Photo: Alex Gwidt

Many parts of Western Ethiopia are among the poorest areas in the world, with poor health conditions, gender discrimination, lack of infrastructure and formal institutions and where many suffer from chronic undernourishment. Significant depletion of resources both at the community and the household levels, severe environmental degradation, and population growth rates exceeding economic growth have made it increasingly difficult for households to cope with low agriculture production and recover from crop failure, seasonal food shortages, and other crises. Population pressure and strained natural resource base due to termite infestation and soil erosion adds to the challenge of making people cope with adverse conditions. The situation is made even worse by the climatic variability, and recurring droughts have caused severe hardship for large shares of the population in this area.

In a response to these challenges, the Norwegian Missionary Society (NMS) is supporting three integrated rural development projects (IRDPS) in Western Ethiopia addressing some of the most serious challenges for the livelihoods in this area - sanitation and hygiene, gender equality, agricultural productivity, clean water provision, water management and income generation. The NMS aims to improve and consolidate the monitoring and the follow up of the IRDPs and strengthen the communication process with its partners. It is suggested in the terms of Reference (ToR) for this study that organizing these projects into one program may contribute to these aims.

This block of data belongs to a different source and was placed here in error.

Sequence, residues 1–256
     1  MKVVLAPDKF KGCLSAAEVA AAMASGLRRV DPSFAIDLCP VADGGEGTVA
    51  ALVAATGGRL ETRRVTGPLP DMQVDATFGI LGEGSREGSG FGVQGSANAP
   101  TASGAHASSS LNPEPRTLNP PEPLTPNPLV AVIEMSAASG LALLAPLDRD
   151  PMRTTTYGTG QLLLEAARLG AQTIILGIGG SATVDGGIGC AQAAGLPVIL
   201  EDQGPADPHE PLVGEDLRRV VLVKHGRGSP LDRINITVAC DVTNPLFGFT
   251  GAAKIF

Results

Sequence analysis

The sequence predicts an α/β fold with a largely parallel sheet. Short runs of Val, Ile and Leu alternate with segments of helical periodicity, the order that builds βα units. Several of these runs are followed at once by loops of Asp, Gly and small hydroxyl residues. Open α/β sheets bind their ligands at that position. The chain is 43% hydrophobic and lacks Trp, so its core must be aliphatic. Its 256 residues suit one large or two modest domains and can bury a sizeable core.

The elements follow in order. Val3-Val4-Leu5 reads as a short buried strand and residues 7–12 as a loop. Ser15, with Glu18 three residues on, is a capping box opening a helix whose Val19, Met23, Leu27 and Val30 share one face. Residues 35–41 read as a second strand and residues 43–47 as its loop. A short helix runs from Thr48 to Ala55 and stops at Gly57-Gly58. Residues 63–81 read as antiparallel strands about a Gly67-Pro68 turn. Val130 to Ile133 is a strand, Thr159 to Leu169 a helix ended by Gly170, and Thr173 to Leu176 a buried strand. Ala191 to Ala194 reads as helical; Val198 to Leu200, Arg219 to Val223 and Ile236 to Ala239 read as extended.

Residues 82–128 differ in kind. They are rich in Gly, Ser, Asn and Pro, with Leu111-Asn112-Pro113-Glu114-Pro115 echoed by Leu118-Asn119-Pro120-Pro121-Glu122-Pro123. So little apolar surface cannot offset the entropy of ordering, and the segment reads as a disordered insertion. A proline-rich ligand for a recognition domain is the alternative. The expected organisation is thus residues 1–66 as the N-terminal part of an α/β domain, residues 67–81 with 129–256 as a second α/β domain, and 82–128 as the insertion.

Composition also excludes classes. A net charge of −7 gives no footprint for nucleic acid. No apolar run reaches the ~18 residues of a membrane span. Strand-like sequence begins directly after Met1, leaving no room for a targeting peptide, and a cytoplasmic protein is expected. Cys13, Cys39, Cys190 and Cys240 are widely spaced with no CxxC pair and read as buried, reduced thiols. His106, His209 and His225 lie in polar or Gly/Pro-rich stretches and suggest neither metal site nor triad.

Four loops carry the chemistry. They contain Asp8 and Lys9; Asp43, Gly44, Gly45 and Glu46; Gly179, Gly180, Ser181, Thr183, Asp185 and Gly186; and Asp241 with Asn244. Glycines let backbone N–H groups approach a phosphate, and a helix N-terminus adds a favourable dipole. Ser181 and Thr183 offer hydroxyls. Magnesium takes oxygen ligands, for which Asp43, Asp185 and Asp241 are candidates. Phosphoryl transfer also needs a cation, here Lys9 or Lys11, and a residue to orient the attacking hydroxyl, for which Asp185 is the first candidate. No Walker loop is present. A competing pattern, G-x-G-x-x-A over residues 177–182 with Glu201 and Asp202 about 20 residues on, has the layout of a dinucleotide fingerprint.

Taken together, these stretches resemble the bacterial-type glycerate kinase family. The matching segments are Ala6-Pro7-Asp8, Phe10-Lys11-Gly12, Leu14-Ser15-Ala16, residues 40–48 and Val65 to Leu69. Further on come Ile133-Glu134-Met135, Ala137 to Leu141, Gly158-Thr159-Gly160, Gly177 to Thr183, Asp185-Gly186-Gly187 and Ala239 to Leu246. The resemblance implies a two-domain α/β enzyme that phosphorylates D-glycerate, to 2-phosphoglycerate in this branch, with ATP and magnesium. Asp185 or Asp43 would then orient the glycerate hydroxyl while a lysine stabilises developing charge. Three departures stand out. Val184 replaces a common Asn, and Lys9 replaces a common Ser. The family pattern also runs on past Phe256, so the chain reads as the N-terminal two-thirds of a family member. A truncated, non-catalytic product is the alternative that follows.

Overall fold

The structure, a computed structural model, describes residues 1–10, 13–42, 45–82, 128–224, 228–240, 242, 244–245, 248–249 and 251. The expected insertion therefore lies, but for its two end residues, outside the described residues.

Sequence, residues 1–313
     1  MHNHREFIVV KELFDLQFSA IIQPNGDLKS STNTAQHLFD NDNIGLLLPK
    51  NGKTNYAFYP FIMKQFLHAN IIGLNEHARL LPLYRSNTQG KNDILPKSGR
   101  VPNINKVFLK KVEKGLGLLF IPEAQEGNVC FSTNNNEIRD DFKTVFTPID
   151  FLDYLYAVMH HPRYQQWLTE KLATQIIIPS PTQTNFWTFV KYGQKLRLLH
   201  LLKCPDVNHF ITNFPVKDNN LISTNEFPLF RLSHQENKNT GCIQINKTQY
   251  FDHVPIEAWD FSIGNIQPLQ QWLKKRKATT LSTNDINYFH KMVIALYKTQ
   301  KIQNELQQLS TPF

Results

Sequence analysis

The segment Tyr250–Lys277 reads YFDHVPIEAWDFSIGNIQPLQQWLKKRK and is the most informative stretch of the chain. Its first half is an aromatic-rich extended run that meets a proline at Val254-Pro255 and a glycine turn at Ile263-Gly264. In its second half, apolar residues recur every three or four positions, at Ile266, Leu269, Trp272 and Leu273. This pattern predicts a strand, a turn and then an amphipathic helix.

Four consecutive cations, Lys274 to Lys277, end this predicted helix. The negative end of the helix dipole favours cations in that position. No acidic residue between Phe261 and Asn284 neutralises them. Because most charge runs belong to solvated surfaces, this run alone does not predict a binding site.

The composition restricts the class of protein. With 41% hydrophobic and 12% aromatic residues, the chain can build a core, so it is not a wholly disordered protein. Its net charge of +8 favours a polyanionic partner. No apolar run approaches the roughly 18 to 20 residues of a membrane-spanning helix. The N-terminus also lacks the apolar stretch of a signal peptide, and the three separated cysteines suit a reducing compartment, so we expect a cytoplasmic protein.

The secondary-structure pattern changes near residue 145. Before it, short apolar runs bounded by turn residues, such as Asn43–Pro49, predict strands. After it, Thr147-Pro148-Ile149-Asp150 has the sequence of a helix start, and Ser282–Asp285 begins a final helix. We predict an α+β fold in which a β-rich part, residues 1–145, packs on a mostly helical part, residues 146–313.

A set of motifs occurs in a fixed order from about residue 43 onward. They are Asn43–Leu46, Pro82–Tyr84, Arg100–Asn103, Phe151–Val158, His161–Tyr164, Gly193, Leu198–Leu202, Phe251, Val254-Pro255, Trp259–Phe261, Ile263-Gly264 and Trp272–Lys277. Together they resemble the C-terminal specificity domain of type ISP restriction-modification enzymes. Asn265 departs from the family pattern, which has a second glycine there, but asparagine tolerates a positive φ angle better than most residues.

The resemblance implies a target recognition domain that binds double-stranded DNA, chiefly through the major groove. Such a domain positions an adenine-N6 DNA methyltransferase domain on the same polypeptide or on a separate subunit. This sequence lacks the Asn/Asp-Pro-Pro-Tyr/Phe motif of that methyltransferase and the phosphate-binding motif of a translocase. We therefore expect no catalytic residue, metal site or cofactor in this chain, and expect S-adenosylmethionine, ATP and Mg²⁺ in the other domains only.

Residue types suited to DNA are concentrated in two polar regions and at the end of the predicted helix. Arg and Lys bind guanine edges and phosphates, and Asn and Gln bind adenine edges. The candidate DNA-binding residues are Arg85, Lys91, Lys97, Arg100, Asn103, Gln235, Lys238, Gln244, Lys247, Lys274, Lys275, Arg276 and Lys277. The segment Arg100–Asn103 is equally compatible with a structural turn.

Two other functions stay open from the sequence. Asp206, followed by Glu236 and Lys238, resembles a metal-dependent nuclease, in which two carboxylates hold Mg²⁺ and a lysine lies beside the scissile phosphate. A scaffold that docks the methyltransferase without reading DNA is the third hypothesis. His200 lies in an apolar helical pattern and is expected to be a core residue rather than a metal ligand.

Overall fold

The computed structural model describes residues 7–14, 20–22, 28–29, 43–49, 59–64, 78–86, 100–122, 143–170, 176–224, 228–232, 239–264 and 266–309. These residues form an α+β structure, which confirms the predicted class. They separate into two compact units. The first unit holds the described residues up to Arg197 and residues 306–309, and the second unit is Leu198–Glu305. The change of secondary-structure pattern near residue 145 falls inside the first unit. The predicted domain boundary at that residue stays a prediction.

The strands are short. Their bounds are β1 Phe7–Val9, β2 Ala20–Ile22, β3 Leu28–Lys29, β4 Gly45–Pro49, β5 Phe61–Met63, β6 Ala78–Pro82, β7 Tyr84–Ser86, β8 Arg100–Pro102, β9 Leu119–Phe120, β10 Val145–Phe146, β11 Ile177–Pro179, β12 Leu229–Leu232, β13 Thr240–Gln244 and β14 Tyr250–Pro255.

The main aim of this study is

(1) to assess whether it is feasible to organise the NMS-supported IRDPs into a program and point to strengths and weaknesses of such a structure,

(2) to suggest improvements in impact measurement of these projects, and

(3) to identify issues that may strengthen the development impact of the IRDPs.